By providing people with information regarding the impact of certain foods on the body (some of more common ones likely to produce sensitivities including gluten, dairy, nuts, and eggs), along with alternative food choices, we can help our patients make a more informed decision when it comes to their health.  One thing we can recommend to our patients to help determine what foods they may be sensitive to is an elimination diet.
Despite the multitude of currently available food allergy tests, the elimination diet still remains the gold standard for identifying food sensitivities”–Bryan Walsh
Where to start? The folks over at Precision Nutrition have some suggestions: A good elimination diet will remove gluten, dairy, soy, eggs, corn, pork, beef, chicken, beans/lentils, coffee, citrus fruits, nuts, and nightshade vegetables. That might sound like a lot, but it still leaves plenty of options for a relatively satisfying diet comprised primarily of rice, meat (turkey, fish, lamb), most fruit, and most types of vegetables. And according to Dr. Perlmutter, foods that can help improve the microbiome include prebiotics, probiotics, fermented foods, low-carb foods, gluten-free foods, and healthful fat. Some specifics include garlic, coffee, dandelion greens, kombucha, and fermented foods such as sauerkraut and kimchi.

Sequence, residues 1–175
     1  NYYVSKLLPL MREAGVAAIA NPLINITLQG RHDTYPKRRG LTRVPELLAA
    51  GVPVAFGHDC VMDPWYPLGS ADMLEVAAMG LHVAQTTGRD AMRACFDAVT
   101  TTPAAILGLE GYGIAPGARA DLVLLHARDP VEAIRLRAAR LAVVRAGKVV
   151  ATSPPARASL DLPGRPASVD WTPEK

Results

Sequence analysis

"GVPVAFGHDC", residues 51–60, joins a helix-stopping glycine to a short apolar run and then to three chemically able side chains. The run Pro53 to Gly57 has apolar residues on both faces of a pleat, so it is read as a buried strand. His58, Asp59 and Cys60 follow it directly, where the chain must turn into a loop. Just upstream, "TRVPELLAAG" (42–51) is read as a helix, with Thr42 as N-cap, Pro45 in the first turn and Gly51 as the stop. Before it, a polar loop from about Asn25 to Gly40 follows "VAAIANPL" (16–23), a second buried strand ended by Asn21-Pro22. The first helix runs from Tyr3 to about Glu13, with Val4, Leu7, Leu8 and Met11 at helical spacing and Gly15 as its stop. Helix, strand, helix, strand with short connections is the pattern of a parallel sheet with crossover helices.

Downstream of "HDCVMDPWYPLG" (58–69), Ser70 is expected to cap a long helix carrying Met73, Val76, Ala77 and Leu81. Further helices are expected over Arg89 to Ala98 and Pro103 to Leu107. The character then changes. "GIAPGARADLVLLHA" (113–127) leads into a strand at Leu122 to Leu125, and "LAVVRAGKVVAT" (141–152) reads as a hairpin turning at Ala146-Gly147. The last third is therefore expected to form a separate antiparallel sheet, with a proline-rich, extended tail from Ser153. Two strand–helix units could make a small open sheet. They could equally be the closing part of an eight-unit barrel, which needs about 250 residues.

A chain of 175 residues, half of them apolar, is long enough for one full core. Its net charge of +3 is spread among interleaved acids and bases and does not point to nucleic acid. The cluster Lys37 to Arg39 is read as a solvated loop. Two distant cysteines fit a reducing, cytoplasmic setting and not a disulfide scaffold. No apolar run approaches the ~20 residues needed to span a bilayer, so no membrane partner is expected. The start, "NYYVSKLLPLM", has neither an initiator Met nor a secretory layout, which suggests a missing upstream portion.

With all this, as a rule of thumb, I will acknowledge to my patients that while in this arena I am by no means an expert, with the reading I have done, this is what the research seems to be showing. If they are interested, I will provide them with additional resources to set them on the path for their own individual discovery. When dealing with pain, this is only one piece of a complex puzzle, but as I’ve hopefully demonstrated, it’s one piece that when incorporated with others, starts to address one more system that appears to have a large influence over some of the others involved in the pain experience.
As always, thanks for reading. Comments and discussion welcome.
Cheers,

Resources:
Dr. David Perlmutter, MD. Brain Maker 2015


Interested in live cases where I apply this approach and integrate it with pain science, manual therapy, repeated motions, IASTM, with emphasis on patient education? Check out Modern Manual Therapy!